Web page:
Americans produce an average of 5 pounds of waste per day, around 30 percent of that is compostable food waste. By composting the material that would’ve otherwise been discarded, you’re keeping waste from landfills that can be reused in a positive and eco-friendly way! For example, if you’re an avid gardener, it will save money on fertilizer costs. If you live in a city, you’ll be part of growing contingency of cities that collect compost and reuse it for specific projects or outsource it to communities that want or need the soil for agriculture. Whether in your backyard or in a city, compost reduces the amount of methane gas emitting from our landfills, which is a greenhouse gas contributing to the overall warming of our planet.

How is composting normally done?

There are a variety of composting techniques from compost tumblers to vermicomposting (using worms that eat the material and break it down into soil, also requires the most effort  and maintenance) to pick up services and drop off locations, which are useful for city-dwellers like myself.

A useful rule of thumb when composting is, “If it grows, it goes [into the compost pile].”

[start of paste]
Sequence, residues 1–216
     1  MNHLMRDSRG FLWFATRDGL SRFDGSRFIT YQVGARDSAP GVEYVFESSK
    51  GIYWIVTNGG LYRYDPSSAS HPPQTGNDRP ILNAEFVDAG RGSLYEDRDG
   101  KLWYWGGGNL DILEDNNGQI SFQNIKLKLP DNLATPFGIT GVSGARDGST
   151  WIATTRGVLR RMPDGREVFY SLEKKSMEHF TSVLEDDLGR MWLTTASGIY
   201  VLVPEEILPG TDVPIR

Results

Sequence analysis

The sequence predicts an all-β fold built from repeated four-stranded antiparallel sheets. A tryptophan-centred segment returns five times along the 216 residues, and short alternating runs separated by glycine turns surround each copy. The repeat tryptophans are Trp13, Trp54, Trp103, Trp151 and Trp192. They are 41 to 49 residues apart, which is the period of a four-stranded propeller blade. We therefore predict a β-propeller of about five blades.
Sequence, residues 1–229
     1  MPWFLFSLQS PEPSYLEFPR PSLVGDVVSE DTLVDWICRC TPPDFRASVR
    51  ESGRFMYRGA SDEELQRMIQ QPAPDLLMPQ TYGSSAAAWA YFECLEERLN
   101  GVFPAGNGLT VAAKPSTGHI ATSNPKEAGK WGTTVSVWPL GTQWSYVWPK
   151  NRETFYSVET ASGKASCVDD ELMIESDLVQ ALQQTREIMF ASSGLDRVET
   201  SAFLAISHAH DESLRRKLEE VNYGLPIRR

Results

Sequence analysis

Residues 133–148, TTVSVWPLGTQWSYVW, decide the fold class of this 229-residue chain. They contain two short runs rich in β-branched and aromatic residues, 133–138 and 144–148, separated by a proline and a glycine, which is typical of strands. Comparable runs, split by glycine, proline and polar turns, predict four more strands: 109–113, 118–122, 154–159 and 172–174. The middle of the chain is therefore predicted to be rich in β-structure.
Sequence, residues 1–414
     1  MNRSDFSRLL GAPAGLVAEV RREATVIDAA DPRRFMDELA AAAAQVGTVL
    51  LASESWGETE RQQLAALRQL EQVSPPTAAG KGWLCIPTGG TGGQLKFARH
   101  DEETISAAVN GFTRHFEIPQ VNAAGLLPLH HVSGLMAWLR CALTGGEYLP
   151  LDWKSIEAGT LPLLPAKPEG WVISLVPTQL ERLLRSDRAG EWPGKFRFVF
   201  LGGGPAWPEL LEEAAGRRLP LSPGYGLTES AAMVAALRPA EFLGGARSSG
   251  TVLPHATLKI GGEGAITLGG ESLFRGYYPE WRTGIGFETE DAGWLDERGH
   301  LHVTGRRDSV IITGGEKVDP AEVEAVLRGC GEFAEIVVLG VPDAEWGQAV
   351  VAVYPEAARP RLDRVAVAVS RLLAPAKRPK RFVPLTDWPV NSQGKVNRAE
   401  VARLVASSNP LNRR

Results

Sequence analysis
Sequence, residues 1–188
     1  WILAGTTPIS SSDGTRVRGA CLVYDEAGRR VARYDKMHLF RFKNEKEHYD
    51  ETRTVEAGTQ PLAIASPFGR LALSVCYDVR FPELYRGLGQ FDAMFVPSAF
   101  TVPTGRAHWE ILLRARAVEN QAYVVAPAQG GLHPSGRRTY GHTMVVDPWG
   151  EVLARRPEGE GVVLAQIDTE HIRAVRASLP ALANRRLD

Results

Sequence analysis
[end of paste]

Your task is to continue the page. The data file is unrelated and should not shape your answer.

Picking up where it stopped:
Specifically:

  • Fruits
  • Veggies
  • Plants (dead flowers, weeds, grass, etc.)
  • Eggs and eggshells
  • Breads and grains
  • Paper towels and napkins
  • Uncoated paper cups and plates (meaning they don’t feel waxy to the touch)

Less desirable compost items include dairy and meat products. While these items will decompose, they may invite unwanted creatures or molds into your space.

Composting in a city

First, get yourself a bin (Planet Natural has some options at the bottom of their page here) to keep your compost in – one that you can tuck into a cabinet or under your sink. If you stick to the above list of compostable items, the bin won’t smell awful, but a lid will be useful to contain any wafting as well as any unwanted pests commonly found in cities.

One neat bin option I’ve found is GreenLid (available on Amazon). The bin comes with a sleek reusable lid while the bin itself is made from recycled cardboard and can be thrown directly into a compost pile or reused if it’s relatively clean.